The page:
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In This Place, In This Moment

For four years I spent the long Thanksgiving weekend with my sister and brother as we watched and waited as our mother died a terrible, undignified, painful death. And it all comes back as this time of year cycles around.

This year is no different, except a new vision has begun to give me perspective and strength. This year, as I read Gen 28:13-17 it was not about the Jewish people’s destiny and blessing. Instead it is a tale in which God makes Jacob’s life a blessed one by making it clear that Jacob is part of a chain of being connected throughout space and time and on the transcendent and physical planes.

On the physical level, Jacob is told that this is the God of Jacob’s ancestors who pledges to be with him, to protect him wherever he goes, and to bring him back to his land. And on the transcendent plane, God tells Jacob that his life is linked to all human existence and that Jacob will play a role whose result will be that all families on earth into the most distant future and throughout the world will be blessed by Jacob’s existence and actions.

This message to Jacob is a message to those of us who come after Jacob: that if we are to make the most of our short times here we must understand that past, present, and future exist in each moment. In this moment we are the beneficiaries of all the good and evil that has been done, and that what we do in each moment will be the heritage we pass on to future generations.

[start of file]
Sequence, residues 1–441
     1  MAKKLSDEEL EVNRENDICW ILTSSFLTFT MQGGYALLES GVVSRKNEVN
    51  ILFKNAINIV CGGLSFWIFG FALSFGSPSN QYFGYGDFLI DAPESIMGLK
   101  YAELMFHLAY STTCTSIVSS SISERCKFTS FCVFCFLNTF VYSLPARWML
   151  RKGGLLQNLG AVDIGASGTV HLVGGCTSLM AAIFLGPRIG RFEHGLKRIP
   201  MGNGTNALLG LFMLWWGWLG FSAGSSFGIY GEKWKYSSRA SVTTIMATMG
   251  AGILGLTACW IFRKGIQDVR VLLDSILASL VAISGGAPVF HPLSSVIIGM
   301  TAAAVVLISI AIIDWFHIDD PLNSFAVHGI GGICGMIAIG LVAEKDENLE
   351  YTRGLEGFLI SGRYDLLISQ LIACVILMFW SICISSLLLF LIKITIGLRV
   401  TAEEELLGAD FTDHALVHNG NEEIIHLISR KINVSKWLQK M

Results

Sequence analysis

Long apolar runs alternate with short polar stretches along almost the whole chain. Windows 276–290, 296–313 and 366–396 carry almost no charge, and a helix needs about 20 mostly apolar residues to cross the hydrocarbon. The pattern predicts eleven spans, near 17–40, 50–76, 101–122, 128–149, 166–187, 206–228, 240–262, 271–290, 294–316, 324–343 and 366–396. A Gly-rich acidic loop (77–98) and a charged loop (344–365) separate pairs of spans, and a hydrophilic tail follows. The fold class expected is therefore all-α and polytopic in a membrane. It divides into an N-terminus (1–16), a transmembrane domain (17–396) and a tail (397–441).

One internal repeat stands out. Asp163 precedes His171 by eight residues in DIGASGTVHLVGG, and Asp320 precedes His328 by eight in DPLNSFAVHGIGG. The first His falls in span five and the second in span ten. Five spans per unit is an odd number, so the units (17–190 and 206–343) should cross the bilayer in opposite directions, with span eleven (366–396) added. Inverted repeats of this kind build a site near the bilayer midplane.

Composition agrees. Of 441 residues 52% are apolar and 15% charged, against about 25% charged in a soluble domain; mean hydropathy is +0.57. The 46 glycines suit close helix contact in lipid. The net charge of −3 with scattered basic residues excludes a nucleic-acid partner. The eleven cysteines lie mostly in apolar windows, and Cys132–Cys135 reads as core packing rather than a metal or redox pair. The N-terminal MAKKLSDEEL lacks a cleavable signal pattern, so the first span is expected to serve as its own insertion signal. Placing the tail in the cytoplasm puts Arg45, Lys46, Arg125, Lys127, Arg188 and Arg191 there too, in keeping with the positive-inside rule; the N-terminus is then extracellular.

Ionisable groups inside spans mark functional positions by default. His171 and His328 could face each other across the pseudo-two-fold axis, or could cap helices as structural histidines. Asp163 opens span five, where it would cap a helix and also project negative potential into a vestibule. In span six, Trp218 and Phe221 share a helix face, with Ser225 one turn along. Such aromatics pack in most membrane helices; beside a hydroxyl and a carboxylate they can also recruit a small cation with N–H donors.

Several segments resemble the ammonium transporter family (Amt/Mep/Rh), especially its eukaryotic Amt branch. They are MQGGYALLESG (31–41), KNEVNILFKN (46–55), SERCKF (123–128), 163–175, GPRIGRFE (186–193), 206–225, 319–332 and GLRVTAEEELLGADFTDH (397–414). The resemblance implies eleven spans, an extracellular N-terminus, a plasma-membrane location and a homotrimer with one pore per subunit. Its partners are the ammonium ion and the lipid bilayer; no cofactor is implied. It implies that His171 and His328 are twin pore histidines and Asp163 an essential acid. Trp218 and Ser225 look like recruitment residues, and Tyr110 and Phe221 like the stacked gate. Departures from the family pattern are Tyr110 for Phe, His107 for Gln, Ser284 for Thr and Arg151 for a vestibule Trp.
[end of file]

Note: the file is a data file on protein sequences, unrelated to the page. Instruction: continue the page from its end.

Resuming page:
This is our blessing and our curse. And it is our challenge. It is just too overwhelming a responsibility to recognize the transcendent quality of that moment. It is so much easier for every moment to be insignificant and of no real meaning. But if the ordinary is not so ordinary ... how can we simply function and just carry on our lives?

But what this vision offers us is the means not only to live our lives well but to have a way not to be overwhelmed by the pain, loss, and fear that inevitably will be our lot.

To return to the personal, one of my aunts is scheduled for surgery in a couple weeks, and she is certain she will die in surgery. She is not wrong that this may happen. However, it has not yet happened and may never happen. But by being filled with fear she reverses the normal flow of time and brings that future fear into the present where nothing has yet happened. We all do this. I am certainly not exempt from wasting my todays consumed by worry about things that will never happen.

These fears of loss, pain, and death have the capacity to rob us of more happiness than do actual loss, pain, and death.

In Vayetzey, Jacob responds to God’s message by recognizing that to that moment he had lived his life in such a way that he did not know God was in this -- and in every -- place. He had gone to sleep in what he thought was just an ordinary place. He awakes to a transcendent understanding of God’s presence in every place and time and recognizes that this ordinary place is actually God’s House -- Beit-El / Bethel -- the entry place to heaven.

Every place is a place where we can be filled with fear and worry. And every place is one where we can feel awe and connected through space and time with those who have and will inhabit this world ... and with the divine. Our tradition attempts to focus our attention on this fact through the many mitzvot that give us so many opportunities to give blessings that elevate every place and time.

So here is a simple way to remember to bring the divine into simple moments. Many blessings refer to "melech ha-olam." Olam can mean the world, and it can mean the universe in its dimensions of space and time.

So when you say "Baruch atah adonai, eloheinu melech ha-olam" ... remember that you can be saying "Blessed are you, our God, who is the ruler of all space and time ... and who is present through all space and time, including this one, and present in our joys and sorrows."
Topics: Divrei Torah
Type: Dvar Torah

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